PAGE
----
I don't want kids… and that's okay. (The Stripe)

Wish that skirt or dress had pockets? My sister sent me this video and it looks so simple (and honestly, could be done without a machine) I may try it! (YouTube)

With video calls and an army of volunteers, this 15-year-old is battling pandemic loneliness in nursing homes. (The Washington Post)

And a must-read sent to me by WO2 reader Linda: A battle for the souls of Black girls. (New York Times)


After this, you will have only one more week of raving about Lovecraft Country as it will be the season finale. Beyond obsessed. I started listening to the corresponding podcast, Lovecraft Country Radio, one morning while folding laundry and it's an excellent companion and dives deeper into the episodes, the history associated with it, and the thoughts of those in the writer's room. I really don't have a lifestyle where I have time to listen to podcasts on the regular, but if I was still commuting this podcast would be at the top of my list. 

Looking for a show that the whole family would enjoy, we've started watching The Good Place. I previously watched the first season but was exhausted by it; it feels different watching it with our tween.  While there is some sex, drugs, and alcohol-related humor, Commonsense Media says it's good for kids 12+ and our kid is in love with it. In fact, she's lying on the living room floor watching it right now as I hide out in our bedroom finishing this post before dinner.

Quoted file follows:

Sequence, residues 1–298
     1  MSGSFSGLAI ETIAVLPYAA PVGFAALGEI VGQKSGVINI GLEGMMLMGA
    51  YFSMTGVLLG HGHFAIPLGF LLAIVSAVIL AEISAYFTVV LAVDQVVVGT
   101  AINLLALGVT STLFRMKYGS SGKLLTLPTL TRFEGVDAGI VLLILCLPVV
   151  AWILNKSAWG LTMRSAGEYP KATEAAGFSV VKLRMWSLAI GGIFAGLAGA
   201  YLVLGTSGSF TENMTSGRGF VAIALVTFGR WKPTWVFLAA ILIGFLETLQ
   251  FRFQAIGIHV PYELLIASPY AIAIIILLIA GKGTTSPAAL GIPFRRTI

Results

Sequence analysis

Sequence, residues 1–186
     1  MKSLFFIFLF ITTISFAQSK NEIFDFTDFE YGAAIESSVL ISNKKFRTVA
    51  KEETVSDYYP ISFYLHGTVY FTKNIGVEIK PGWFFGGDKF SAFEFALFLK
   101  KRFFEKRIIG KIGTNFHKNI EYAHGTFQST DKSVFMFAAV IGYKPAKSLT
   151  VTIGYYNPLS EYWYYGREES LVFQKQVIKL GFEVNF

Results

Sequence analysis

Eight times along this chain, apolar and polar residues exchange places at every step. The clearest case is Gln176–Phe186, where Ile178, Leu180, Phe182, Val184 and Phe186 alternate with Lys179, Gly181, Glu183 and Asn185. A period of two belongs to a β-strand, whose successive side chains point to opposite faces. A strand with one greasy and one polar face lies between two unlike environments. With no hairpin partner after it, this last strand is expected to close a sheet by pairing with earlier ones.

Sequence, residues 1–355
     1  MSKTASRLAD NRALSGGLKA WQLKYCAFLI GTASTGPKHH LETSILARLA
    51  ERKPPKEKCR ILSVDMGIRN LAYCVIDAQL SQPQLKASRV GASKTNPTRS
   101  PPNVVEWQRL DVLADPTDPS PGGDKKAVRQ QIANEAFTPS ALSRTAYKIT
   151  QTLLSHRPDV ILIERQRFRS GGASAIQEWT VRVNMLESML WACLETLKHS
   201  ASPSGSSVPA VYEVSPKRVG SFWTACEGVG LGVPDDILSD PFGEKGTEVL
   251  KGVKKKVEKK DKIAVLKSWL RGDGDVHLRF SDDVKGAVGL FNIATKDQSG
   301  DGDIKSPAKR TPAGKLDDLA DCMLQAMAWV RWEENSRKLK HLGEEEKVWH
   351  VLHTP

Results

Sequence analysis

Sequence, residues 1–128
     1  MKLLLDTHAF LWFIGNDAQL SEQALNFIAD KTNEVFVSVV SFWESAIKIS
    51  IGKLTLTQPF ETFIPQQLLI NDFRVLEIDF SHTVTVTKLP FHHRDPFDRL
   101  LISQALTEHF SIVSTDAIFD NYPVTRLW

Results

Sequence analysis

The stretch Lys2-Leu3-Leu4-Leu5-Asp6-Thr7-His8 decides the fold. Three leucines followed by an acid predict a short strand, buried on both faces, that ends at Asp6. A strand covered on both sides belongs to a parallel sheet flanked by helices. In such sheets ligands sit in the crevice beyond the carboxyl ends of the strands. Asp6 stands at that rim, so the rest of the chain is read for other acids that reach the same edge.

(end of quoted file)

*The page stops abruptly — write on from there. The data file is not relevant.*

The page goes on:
I was looking for a chick-lit book to read and sort of be numbed by before sleep and I got The Idea of You. I am 60% through and I don't know if I will actually finish it.  It's fan fiction of a woman who turns 40 who gets into a relationship with a guy from a boy band who is supposed to be like Harry Styles. I find Harry Styles hot as hell, I am about the same age difference, but this takes place when the boy is 20, not now when he is 26 and I don't know… I remember being that age and those six years make a major difference. And the whole book is boring even though there are a lot of sex scenes. It also feels like a rip-off of a few different storylines from the TV series Girlfriend's Guide to Divorce but make the character of Abby McCarthy a French gallery owner. However, it does achieve my goal for the book – it numbs me to sleep!

Ack, coming in after publishing because I realize I forgot to share a movie I saw this week and loved, The 40-Year-Old-Version, available on Netflix. Radha was a playwright, a 30-under-30 winner who was turning 40 and hadn't accomplished anything since.  She decides to try rapping. If this sounds ridiculous, like some madcap romcom, it's not. Radha Blank wrote, directed, and starred in this semi-autobiographical film and I thought it was fabulous. Real, raw, heart-wrenching, and funny. 

For Your Entertainment

do you ever just want to give up?
well, me too
are you shocked by what people get
get used to?
do you wake up in a cold sweat?
well, that’s sane
at least you got a little brain left